May 28, 2010

(Harbinger of very dark days ahead)

On May 27th 1940 the situation in Europe took a decided turn for the worst when Belgium, unable to resist the German invasion, surrendered and stranded some one million French and British troops, now surrounded by German forces.

The news came in the middle of the night in the U.S. - 3 a.m. in New York as Premier Paul Reynaud addressed the French people, telling them of the grave situation they were now faced with.

Bob Trout (CBS News): “At this moment the Allied armies in Belgium are reported to be in grave peril as Germany strikes with tremendous force to surround them completely. Spokesmen in Berlin are saying now that one million Allied troops in Belgium are completely cut off and the great battle of Flanders will be over in a few days.”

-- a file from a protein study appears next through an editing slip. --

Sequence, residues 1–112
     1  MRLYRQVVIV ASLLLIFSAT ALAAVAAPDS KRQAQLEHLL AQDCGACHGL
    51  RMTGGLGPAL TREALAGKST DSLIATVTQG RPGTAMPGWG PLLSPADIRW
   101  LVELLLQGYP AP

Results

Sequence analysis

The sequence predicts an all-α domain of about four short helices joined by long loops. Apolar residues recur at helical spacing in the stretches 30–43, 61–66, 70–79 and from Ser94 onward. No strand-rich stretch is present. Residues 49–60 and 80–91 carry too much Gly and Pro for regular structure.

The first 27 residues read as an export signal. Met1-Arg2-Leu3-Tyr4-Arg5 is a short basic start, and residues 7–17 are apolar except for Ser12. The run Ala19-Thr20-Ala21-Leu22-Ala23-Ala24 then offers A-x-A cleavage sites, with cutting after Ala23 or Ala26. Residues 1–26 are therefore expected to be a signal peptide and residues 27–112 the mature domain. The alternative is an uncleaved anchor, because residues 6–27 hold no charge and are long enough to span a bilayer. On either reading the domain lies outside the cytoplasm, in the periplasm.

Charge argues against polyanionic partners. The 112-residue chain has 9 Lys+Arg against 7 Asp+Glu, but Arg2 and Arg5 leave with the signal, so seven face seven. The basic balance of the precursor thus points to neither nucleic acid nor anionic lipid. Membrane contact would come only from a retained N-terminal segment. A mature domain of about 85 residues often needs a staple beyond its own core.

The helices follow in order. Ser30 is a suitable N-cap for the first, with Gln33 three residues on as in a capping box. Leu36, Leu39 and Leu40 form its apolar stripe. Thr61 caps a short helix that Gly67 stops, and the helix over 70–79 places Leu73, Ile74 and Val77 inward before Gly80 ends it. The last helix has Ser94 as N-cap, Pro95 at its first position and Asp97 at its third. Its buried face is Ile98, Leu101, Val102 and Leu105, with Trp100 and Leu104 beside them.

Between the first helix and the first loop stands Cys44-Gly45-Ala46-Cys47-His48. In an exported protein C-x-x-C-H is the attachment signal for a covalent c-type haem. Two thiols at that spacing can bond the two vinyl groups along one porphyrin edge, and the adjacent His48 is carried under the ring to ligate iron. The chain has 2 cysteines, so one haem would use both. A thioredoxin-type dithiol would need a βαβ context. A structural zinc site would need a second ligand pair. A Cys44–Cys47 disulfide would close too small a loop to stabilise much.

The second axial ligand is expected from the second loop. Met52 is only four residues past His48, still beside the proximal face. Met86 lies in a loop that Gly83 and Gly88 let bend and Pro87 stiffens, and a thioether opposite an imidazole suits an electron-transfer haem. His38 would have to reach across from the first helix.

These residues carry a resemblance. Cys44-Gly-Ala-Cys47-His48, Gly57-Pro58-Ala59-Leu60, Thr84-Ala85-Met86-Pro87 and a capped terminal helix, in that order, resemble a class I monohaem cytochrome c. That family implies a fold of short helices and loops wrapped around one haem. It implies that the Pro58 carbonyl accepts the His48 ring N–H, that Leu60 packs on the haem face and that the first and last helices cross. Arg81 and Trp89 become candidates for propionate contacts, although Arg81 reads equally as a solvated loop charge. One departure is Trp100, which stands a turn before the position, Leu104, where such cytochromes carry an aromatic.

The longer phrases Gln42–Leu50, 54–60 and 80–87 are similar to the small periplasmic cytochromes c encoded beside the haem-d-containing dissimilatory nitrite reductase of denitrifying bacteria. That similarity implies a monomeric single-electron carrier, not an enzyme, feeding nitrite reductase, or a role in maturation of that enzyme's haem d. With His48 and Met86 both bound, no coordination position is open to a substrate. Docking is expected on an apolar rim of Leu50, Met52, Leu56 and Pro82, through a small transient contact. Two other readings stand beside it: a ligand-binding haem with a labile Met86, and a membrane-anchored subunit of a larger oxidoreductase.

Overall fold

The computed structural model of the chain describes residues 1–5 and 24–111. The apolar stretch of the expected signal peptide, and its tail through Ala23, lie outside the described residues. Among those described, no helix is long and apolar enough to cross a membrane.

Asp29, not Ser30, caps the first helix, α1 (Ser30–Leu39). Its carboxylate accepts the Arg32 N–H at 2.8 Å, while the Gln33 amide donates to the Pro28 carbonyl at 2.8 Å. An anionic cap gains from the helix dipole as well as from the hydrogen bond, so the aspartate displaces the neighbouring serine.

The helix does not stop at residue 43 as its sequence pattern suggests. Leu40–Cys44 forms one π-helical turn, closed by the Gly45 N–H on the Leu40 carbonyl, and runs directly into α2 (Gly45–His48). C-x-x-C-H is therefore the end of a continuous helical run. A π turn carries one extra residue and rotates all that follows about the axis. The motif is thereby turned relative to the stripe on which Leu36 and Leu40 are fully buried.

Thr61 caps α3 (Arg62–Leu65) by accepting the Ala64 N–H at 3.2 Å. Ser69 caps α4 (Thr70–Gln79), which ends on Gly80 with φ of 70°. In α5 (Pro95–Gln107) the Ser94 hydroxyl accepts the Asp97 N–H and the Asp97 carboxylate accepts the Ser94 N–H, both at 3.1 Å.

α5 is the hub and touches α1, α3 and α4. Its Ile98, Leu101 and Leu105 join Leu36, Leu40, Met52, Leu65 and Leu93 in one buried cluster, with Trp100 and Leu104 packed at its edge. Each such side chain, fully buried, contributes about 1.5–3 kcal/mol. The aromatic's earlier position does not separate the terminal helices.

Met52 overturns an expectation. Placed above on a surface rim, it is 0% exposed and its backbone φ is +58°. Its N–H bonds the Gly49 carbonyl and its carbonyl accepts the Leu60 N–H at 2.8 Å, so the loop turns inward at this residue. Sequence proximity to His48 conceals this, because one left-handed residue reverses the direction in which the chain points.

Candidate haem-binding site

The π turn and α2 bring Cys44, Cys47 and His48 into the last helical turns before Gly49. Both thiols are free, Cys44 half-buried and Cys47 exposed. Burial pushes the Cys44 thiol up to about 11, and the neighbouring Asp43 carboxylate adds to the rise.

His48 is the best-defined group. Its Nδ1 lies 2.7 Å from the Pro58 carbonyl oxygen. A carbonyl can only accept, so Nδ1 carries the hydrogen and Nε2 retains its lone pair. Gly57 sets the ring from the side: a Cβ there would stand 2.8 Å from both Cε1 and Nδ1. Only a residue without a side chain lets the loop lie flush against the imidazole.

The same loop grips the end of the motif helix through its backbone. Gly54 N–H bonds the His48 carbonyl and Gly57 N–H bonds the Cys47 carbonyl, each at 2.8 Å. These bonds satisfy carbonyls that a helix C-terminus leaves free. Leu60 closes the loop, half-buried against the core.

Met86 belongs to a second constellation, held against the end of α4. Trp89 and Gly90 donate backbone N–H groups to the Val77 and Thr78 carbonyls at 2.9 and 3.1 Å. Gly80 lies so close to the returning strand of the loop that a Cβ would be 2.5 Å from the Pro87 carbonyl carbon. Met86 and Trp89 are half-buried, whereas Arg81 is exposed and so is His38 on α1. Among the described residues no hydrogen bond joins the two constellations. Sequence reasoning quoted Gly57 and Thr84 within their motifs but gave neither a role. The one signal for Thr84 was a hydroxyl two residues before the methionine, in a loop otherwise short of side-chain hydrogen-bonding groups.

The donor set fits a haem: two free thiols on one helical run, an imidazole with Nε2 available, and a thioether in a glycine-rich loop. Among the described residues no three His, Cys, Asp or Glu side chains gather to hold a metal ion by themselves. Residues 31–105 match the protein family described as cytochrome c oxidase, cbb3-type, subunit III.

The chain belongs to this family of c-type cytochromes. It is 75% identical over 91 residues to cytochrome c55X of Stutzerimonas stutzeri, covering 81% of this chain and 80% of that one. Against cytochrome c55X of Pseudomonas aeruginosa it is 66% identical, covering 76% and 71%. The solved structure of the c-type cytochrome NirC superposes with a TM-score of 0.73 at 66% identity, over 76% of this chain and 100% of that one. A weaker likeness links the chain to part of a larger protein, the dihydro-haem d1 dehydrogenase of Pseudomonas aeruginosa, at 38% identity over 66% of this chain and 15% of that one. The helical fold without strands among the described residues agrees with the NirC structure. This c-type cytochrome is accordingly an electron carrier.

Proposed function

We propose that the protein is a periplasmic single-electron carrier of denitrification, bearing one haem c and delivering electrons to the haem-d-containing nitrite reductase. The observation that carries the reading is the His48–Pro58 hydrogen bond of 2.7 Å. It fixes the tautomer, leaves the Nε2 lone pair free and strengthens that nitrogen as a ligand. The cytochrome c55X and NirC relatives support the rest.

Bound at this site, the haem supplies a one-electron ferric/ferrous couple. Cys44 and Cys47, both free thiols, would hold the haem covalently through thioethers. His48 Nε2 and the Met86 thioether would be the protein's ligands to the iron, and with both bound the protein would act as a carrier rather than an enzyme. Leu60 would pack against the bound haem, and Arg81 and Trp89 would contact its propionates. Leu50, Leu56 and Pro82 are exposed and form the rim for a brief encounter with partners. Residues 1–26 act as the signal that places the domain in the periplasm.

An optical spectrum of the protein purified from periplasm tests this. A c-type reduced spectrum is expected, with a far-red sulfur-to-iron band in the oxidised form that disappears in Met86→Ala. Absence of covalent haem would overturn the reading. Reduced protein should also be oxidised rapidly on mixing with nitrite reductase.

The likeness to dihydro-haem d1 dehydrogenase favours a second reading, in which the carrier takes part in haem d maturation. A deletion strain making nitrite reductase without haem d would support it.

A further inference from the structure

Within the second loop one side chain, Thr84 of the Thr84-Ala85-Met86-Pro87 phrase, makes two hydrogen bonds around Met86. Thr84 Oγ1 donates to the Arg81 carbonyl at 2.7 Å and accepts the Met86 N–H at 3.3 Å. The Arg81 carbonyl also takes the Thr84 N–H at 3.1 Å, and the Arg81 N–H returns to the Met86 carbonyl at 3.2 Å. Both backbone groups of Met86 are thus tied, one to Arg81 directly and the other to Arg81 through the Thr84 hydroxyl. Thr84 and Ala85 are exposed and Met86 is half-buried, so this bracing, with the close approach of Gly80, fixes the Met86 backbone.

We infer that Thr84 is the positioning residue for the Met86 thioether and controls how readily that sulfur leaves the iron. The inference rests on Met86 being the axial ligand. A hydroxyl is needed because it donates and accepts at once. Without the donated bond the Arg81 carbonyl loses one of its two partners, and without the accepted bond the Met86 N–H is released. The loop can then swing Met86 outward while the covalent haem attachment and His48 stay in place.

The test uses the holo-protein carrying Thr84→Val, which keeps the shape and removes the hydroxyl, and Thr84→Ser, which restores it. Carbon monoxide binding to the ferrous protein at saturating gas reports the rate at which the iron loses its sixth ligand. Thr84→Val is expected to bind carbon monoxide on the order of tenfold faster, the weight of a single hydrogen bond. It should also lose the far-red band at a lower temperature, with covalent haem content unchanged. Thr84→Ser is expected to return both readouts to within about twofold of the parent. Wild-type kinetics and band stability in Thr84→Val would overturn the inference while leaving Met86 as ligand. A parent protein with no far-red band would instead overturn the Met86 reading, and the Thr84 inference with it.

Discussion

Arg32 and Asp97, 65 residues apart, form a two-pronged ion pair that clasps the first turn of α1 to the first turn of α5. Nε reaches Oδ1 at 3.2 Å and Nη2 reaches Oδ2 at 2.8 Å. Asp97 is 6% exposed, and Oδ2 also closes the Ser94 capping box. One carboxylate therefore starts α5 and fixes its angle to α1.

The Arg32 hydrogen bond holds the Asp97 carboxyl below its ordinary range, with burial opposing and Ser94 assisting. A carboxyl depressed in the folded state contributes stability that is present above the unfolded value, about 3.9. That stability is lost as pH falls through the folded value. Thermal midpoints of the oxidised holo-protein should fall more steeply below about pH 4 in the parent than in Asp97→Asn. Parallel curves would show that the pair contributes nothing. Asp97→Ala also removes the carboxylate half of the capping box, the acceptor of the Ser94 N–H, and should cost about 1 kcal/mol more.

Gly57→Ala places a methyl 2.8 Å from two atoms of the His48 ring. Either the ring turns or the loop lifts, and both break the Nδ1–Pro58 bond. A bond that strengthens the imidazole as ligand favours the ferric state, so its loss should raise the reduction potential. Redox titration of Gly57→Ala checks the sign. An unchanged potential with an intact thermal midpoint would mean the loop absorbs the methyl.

The Premier's speech was barely audible, as was Edward R. Murrow's report from London, owing to shortwave transmission as the only way at the time to receive news reports from overseas. But the gravity of the situation was immediately apparent. At the time it wasn't known if the trapped armies would escape, if this was a prelude to a full-on invasion of Britain or if the German armies would turn and go south and head to Paris.

I included the complete report as well as the organ music break just before the wrap-up. I don't know if it's possible to suspend knowing how the war eventually would end, but try and imagine you're hearing this for the first time as it's actually happening.

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